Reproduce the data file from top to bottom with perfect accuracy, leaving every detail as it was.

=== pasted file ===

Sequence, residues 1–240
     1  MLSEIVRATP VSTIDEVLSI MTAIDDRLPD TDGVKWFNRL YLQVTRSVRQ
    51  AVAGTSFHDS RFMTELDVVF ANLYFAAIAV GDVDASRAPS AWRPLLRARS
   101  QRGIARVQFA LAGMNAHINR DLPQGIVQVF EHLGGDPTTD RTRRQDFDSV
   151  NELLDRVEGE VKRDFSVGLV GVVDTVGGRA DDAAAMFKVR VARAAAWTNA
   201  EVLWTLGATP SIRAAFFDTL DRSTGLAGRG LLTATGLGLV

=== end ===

Sequence, residues 1–240
     1  MLSEIVRATP VSTIDEVLSI MTAIDDRLPD TDGVKWFNRL YLQVTRSVRQ
    51  AVAGTSFHDS RFMTELDVVF ANLYFAAIAV GDVDASRAPS AWRPLLRARS
   101  QRGIARVQFA LAGMNAHINR DLPQGIVQVF EHLGGDPTTD RTRRQDFDSV
   151  NELLDRVEGE VKRDFSVGLV GVVDTVGGRA DDAAAMFKVR VARAAAWTNA
   201  EVLWTLGATP SIRAAFFDTL DRSTGLAGRG LLTATGLGLV